A Claisen condensation of ethyl acetate prepares acetoacetic ester.
The Claisen condensation reaction occurs by a nucleophilic addition to an ester carboxyl group, which follows these steps:
1. An α hydrogen on the ester is removed by a base, which leads to the formation of a carbanion that is resonance stabilized.
2. Acting as a nucleophile, the carbanion attacks the carboxyl carbon of a second molecule of ester.
3. A pair of unshared electrons on the alkoxide oxygen move toward the carboxyl carbon, helping the ethoxy group to leave.
Synthesis of substituted acetic acid via malonic ester
Malonic ester is an ester formed by reacting an alcohol with malonic acid (propanedicarboxylic acid). Following is the structure of diethyl malonate:
The hydrogen atoms on the methylene unit between the two carboxyl groups are acidic like those in acetoacetic ester. Strong bases can remove these acidic hydrogens.
The resulting carbocation can participate in typical S N reactions, allowing the placement of an alkyl group on the chain.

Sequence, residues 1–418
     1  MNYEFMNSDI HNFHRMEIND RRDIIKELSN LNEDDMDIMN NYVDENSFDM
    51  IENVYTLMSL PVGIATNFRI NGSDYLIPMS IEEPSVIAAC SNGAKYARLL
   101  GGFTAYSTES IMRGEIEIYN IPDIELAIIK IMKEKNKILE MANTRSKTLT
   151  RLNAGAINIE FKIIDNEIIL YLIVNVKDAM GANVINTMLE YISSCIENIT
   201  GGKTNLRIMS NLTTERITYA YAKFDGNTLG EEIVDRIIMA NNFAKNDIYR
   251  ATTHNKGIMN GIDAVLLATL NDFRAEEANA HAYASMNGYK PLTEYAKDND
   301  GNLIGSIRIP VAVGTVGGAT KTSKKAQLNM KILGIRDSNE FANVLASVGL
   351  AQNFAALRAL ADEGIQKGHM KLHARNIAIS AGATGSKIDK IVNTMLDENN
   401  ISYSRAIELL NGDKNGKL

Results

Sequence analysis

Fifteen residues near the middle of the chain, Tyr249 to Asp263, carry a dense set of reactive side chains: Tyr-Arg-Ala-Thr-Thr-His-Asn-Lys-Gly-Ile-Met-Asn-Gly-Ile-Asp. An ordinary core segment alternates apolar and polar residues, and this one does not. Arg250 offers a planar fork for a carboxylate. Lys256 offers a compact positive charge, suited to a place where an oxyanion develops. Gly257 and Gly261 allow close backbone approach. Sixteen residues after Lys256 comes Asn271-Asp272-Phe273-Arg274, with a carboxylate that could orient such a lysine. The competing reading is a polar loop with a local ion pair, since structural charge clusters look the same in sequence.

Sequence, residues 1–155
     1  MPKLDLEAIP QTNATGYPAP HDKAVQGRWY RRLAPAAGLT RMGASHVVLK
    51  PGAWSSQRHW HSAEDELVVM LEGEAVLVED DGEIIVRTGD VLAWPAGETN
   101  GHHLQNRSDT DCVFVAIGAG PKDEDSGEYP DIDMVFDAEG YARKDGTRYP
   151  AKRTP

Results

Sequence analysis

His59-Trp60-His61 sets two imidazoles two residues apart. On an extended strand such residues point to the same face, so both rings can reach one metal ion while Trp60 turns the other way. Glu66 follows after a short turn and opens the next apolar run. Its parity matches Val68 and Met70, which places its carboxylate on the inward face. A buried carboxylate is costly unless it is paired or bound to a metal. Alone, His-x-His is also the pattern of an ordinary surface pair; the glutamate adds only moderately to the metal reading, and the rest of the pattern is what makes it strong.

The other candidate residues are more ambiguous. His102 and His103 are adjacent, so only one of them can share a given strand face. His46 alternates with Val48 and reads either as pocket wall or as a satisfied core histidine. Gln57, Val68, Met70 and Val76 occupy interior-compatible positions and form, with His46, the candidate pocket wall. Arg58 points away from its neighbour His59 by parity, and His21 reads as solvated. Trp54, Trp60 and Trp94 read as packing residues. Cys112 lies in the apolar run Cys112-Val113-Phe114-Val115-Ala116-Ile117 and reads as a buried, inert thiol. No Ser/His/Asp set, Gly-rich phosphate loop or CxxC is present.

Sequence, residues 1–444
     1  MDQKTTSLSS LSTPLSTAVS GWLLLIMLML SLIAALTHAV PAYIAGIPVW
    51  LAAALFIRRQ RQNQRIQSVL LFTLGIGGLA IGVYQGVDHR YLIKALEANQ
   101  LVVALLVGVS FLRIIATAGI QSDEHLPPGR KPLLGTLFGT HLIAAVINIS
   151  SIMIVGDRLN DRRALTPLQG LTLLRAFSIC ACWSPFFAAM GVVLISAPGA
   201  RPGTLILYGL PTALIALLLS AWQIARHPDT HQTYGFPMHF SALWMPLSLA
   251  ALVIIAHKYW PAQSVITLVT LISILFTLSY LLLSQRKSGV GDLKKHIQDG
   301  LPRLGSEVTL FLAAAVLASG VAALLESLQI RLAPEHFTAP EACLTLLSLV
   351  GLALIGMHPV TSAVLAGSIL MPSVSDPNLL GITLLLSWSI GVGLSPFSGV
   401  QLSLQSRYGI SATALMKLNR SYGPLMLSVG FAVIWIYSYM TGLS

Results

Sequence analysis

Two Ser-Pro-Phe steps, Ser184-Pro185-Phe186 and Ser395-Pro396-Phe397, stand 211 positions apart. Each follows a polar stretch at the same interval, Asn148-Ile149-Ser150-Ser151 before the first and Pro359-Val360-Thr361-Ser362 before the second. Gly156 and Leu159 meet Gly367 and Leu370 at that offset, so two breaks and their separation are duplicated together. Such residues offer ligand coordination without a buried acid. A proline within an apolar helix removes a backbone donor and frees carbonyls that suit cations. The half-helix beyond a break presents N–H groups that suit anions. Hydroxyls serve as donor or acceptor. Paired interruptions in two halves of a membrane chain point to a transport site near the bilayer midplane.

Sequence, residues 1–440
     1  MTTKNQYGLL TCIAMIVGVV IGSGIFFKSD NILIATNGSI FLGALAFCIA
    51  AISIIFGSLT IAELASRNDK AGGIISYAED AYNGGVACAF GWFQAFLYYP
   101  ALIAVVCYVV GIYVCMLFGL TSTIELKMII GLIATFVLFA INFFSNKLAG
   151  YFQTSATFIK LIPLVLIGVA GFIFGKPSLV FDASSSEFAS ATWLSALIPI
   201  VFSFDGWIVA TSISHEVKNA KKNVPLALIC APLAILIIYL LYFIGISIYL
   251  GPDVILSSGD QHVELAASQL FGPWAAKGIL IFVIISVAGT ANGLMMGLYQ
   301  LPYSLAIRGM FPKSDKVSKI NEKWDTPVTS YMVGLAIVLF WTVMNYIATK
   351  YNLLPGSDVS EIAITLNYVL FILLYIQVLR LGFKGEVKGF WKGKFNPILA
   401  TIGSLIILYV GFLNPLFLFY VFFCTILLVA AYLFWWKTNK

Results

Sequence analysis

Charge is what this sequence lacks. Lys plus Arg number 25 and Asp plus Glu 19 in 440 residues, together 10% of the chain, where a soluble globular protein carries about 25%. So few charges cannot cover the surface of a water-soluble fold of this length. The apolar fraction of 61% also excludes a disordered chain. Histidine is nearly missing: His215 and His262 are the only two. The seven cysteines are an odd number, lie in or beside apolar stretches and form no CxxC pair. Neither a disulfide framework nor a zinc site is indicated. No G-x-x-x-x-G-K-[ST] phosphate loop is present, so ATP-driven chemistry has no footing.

A second alkyl group can be placed on the compound by reacting the product formed in the previous step with a very strong base to form a new carbanion.
The resulting carbanion can participate in a typical S N reaction, allowing the placement of a second alkyl group on the chain.
Hydrolysis of the resulting product with concentrated aqueous sodium hydroxide produces the sodium salt of the disubstituted acid.
Addition of aqueous acid converts the salt into its conjugate acid.
Upon heating, the β ketoacid becomes unstable and decarboxylates, forming a disubstituted acetic acid.
α halo acids, α hydroxy acids, and α, β unsaturated acids
The reaction of aliphatic carboxylic acids with bromine in the presence of phosphorous produces α halo acids. This reaction is the Hell‐Volhard‐Zelinski reaction.
α halo acids can be converted to α hydroxy acids by hydrolysis.
α halo acids can be converted to α amino acids by reacting with ammonia.
α halo acids and α hydroxy acids can be converted to α, β unsaturated acids by dehydrohalogenation and dehydration, respectively.